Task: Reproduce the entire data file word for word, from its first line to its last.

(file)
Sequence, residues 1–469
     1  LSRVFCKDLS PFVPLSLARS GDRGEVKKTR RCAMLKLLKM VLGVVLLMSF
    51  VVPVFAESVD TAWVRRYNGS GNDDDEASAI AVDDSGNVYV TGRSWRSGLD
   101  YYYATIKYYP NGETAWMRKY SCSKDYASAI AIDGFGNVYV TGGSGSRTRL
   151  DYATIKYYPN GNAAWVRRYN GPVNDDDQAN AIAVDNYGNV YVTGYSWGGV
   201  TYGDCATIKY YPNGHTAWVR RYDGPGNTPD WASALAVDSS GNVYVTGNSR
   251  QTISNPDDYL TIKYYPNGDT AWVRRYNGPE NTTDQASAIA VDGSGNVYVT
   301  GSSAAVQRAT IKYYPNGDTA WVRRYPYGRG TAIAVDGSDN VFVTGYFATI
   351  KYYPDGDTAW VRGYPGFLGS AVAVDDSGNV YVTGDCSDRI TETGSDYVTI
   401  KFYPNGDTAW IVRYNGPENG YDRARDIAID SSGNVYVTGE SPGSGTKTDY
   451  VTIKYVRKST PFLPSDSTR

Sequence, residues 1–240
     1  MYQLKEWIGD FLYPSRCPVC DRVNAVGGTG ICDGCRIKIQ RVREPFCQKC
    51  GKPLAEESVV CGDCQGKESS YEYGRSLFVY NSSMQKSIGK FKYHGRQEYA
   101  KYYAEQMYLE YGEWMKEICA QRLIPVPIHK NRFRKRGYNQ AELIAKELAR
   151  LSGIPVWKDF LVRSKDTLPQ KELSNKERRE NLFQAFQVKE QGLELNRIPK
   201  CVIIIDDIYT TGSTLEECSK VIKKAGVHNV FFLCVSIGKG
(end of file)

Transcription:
Sequence, residues 1–469
     1  LSRVFCKDLS PFVPLSLARS GDRGEVKKTR RCAMLKLLKM VLGVVLLMSF
    51  VVPVFAESVD TAWVRRYNGS GNDDDEASAI AVDDSGNVYV TGRSWRSGLD
   101  YYYATIKYYP NGETAWMRKY SCSKDYASAI AIDGFGNVYV TGGSGSRTRL
   151  DYATIKYYPN GNAAWVRRYN GPVNDDDQAN AIAVDNYGNV YVTGYSWGGV
   201  TYGDCATIKY YPNGHTAWVR RYDGPGNTPD WASALAVDSS GNVYVTGNSR
   251  QTISNPDDYL TIKYYPNGDT AWVRRYNGPE NTTDQASAIA VDGSGNVYVT
   301  GSSAAVQRAT IKYYPNGDTA WVRRYPYGRG TAIAVDGSDN VFVTGYFATI
   351  KYYPDGDTAW VRGYPGFLGS AVAVDDSGNV YVTGDCSDRI TETGSDYVTI
   401  KFYPNGDTAW IVRYNGPENG YDRARDIAID SSGNVYVTGE SPGSGTKTDY
   451  VTIKYVRKST PFLPSDSTR

Sequence, residues 1–240
     1  MYQLKEWIGD FLYPSRCPVC DRVNAVGGTG ICDGCRIKIQ RVREPFCQKC
    51  GKPLAEESVV CGDCQGKESS YEYGRSLFVY NSSMQKSIGK FKYHGRQEYA
   101  KYYAEQMYLE YGEWMKEICA QRLIPVPIHK NRFRKRGYNQ AELIAKELAR
   151  LSGIPVWKDF LVRSKDTLPQ KELSNKERRE NLFQAFQVKE QGLELNRIPK
   201  CVIIIDDIYT TGSTLEECSK VIKKAGVHNV FFLCVSIGKG